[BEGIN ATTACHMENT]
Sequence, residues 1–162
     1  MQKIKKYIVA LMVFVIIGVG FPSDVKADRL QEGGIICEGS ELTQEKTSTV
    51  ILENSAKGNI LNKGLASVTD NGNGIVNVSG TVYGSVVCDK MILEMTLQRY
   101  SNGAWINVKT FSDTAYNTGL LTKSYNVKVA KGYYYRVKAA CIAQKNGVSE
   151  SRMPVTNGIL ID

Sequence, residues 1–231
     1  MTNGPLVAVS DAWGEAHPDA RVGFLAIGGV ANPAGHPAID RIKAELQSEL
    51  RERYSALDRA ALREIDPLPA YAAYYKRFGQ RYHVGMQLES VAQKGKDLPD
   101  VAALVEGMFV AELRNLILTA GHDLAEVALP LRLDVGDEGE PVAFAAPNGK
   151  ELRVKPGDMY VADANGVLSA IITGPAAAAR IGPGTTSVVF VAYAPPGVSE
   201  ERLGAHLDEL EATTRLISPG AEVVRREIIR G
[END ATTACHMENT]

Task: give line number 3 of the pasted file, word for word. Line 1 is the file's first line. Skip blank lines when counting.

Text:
    51  ILENSAKGNI LNKGLASVTD NGNGIVNVSG TVYGSVVCDK MILEMTLQRY